I see it all the time, it’s a story that repeats itself – particularly for senior candidates. It’s a sad story and one that can lead to a person really questioning and doubting themselves.
When being made redundant, an employee normally receives a redundancy payment linked to their tenure. That amount can be quite substantial if the employee has been employed for a long time. I often meet candidates who have received a payout equivalent to 3 to 4 months wage.
When the dust settles, most senior employees often accept the redundancy as a bit of a bonus. When else in your life can you go to take a few months paid leave? Take some time out – have a holiday, renovate the bathroom, focus on the children or play golf every day. It provides an uncommon opportunity to sit back and reflect without any pressure.
I normally start to hear from candidates when they are coming to the end of the redundancy payout period. They’ve been off work for nearly 4 months and they are ready to start working again. In my own experience, it often takes senior candidates who have been made redundant 3-6 months to land their next role. This can be a really tough time for someone who has been successful in a senior position and “never really had to look for work”. A lot of candidates lament that they hadn’t started their job search earlier.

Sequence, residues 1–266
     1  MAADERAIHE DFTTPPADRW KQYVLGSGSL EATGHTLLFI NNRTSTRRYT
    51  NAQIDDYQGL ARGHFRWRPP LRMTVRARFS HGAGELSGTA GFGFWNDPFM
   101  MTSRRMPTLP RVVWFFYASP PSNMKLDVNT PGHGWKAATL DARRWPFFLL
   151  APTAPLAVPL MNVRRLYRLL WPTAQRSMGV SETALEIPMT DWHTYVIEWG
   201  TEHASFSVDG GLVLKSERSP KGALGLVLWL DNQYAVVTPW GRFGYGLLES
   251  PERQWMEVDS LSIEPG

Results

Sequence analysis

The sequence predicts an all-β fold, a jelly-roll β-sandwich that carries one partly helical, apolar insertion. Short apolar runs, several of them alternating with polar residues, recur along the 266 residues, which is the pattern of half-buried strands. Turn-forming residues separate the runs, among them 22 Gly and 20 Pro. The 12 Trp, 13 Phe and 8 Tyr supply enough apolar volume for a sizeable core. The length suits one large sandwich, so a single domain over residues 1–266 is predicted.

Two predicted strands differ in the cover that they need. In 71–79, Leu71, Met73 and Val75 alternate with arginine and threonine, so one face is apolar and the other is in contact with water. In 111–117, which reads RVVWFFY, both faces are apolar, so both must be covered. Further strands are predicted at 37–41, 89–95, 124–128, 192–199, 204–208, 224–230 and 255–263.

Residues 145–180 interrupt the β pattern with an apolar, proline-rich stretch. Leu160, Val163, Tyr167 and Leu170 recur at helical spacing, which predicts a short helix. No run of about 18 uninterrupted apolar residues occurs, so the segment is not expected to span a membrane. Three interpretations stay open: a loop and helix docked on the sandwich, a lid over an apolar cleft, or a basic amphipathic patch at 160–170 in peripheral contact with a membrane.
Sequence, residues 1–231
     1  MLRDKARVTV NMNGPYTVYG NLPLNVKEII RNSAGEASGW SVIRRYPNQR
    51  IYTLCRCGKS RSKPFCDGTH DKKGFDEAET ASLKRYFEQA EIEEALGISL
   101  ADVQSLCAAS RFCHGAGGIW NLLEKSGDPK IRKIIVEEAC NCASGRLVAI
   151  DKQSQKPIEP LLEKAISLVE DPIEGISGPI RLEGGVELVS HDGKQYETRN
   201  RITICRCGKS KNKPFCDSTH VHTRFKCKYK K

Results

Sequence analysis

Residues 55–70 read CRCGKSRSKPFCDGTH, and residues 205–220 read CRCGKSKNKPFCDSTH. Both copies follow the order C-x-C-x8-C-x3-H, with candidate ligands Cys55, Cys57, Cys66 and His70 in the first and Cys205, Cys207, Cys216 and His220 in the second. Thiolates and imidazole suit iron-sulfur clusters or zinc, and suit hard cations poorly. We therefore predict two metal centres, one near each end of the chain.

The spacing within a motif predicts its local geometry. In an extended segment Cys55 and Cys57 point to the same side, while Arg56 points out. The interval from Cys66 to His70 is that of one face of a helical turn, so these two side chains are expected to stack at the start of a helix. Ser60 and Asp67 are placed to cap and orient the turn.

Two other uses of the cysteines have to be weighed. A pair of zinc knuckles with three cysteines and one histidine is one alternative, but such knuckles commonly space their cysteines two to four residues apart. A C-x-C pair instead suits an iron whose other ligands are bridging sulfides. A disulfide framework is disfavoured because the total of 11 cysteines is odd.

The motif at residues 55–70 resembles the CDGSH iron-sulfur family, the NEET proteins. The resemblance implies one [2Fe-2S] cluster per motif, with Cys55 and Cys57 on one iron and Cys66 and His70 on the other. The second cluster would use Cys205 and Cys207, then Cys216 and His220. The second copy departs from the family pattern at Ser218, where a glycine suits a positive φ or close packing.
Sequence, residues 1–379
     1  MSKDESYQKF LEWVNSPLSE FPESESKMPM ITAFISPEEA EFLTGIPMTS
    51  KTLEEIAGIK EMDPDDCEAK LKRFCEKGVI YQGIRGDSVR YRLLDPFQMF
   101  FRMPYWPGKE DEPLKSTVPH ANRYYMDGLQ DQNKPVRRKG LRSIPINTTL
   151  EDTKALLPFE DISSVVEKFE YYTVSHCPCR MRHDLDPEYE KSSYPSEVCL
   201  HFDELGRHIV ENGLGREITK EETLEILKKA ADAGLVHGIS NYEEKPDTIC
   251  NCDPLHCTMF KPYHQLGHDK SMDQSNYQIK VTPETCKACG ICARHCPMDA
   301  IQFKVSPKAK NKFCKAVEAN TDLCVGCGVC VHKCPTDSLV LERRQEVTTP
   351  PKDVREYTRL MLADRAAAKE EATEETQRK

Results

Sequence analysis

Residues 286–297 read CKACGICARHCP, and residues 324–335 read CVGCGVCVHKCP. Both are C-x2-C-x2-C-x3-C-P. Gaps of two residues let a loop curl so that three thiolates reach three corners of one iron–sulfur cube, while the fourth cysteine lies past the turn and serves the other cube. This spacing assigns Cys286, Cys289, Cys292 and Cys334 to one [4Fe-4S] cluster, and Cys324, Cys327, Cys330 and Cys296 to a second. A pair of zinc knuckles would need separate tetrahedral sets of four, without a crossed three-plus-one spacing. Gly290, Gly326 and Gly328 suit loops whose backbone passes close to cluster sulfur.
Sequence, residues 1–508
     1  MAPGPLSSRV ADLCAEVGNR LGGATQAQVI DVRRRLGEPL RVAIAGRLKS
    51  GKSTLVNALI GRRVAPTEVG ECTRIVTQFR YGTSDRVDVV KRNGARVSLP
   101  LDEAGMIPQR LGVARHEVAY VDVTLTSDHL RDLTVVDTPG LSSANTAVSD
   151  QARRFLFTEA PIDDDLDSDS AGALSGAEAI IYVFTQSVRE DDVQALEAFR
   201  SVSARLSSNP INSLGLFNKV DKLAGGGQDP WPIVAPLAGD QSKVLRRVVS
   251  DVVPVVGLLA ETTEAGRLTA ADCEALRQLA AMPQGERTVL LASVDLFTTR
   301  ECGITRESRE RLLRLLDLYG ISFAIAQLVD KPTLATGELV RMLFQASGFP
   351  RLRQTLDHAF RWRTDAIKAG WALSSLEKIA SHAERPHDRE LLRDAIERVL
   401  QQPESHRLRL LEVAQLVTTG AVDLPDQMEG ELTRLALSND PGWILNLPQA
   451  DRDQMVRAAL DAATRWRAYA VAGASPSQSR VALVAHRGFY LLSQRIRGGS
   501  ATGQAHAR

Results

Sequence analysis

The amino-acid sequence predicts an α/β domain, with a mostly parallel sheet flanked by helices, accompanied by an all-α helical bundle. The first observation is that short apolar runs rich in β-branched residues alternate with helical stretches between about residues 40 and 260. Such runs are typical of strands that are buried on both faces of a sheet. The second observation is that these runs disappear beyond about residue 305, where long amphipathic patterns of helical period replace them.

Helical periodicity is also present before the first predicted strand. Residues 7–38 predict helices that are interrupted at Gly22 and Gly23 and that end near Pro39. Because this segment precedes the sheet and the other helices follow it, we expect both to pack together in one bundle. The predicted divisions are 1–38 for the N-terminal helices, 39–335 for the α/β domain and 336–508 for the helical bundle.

Here are some tips on how to get back into the workforce if you’ve been made redundant:
Start networking straight away. Let your network know you are looking. Set a goal of having 20 coffee meetings with colleagues, friends, associates and recruiters. Don’t expect anything from 1 particular meeting, it’s a numbers game. Take some time off, but keep the wheels turning in the background.
If you see a position advertised that you are interested in, make sure you prepare for the call and make it effective. Senior candidates often perform quite poorly when phoning in about a vacancy.
Utilise the knowledge, network and experience or recruitment consultants. Their honest feedback is probably what you really need to hear.
Prepare yourself for the fact that you will have many a “No” before you land a “Yes”. It happens all the time. Have a resilient spirit and bounce straight onto the next one.
Remember that communication is key. How you communicate during the recruitment process will have a huge impact on the outcome.
If you’ve recently been made redundant I encourage you to enjoy some “time away”, but make sure that you don’t leave it until the last minute before you start looking for work.
The Candidate Coach